📕Ali Smith's 'The Story of Antigone' is luminously written for young readers. The plot follows Sophocles's version; the Oedipus's daughter, Antigone resists the tyrant Creon in order to bury her dead brother Polynices, who was left outside as a war criminal. In most of Smith's novels, she anatomises the reality, gets under the skin of our times and brings lights on our paths by employing impressive interplay of ideas and images between past and present; actual and hypothetical; classic literature and overly popular culture; collective and individual. And yet, in 'The Story of Antigone', she avoids kaleidoscopic complexity and directly spotlights one single figure, Antigone, who was 'born to join in love, not to hate'. ‘Love doesn't care about money, love is much hotter than heat. Whether the wars lost or won, it's love that'll never be beat. Love has no rhyme or no reason, love makes sane people go mad. Love is as wide as all seas, and its bigger than Mum or than Dad. Love wins all games and all wars, fought here or below or above. Nothings as forceful a source, not anything, nothing, like love.' (p.68.)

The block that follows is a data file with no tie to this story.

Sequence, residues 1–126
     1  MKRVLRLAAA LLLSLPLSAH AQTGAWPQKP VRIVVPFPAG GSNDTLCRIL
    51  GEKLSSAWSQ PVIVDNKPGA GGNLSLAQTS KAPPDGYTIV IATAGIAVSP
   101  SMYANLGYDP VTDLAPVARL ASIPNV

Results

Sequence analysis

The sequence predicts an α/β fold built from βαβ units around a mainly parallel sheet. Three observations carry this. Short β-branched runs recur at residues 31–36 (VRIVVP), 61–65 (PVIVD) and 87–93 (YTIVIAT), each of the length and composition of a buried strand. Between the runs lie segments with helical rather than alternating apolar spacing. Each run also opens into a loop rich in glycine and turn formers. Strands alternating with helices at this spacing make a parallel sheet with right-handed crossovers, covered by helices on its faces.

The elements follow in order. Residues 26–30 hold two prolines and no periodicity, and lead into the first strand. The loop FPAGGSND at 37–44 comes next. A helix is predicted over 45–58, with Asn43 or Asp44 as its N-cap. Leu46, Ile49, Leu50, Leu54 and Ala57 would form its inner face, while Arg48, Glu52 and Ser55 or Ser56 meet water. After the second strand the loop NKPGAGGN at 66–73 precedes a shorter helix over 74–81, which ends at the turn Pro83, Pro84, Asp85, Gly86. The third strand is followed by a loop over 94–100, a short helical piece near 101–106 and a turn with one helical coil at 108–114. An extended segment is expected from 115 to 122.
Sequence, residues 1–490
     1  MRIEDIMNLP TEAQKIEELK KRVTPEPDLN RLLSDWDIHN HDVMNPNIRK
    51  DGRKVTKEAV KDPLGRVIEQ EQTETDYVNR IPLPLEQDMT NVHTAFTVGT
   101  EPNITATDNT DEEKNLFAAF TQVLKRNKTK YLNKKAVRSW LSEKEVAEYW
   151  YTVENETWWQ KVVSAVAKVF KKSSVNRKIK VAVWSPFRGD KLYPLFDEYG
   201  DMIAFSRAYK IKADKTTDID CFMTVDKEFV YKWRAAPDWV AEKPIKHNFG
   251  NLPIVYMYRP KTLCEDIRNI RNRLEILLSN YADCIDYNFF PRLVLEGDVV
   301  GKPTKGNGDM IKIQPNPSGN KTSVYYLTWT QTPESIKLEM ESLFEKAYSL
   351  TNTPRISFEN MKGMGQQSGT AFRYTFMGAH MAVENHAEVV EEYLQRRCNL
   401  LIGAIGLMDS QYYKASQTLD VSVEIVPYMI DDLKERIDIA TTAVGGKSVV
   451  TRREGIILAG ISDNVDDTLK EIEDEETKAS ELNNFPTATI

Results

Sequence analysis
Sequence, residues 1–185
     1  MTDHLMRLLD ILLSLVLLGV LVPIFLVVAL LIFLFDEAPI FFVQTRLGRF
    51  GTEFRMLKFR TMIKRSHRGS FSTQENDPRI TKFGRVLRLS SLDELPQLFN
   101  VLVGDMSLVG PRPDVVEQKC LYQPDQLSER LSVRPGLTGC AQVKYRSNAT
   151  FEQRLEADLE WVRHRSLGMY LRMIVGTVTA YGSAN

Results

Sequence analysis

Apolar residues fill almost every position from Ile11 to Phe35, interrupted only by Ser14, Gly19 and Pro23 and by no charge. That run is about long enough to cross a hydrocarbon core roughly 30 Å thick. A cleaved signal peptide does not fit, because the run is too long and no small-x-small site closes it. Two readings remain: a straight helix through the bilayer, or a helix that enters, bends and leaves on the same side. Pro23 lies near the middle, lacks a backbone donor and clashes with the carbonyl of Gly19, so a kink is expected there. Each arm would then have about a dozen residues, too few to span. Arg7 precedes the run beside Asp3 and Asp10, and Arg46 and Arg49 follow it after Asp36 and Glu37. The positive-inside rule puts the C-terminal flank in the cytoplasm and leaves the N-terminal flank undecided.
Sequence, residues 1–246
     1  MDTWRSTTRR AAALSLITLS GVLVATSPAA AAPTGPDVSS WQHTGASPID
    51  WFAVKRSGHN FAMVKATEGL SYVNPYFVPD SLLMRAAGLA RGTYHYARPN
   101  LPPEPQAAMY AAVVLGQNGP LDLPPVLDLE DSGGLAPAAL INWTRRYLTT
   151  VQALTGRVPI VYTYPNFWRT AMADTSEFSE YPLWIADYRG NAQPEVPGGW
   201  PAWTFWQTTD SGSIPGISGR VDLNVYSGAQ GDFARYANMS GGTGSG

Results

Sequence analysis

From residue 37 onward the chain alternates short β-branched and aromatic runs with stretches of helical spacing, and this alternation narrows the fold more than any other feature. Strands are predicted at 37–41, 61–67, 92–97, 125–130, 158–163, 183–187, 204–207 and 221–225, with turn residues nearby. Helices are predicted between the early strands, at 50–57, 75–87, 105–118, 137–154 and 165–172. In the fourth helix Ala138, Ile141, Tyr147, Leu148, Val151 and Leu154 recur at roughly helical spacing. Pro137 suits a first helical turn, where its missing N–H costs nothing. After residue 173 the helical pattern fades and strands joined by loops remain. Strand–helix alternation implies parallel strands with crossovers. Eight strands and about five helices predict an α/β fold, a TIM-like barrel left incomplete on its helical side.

p.s. I recently learnt that Ali Smith started her career as a comedy writer at my dear 💚Cambridge Footlights, one of the funniest revue companies that I know.
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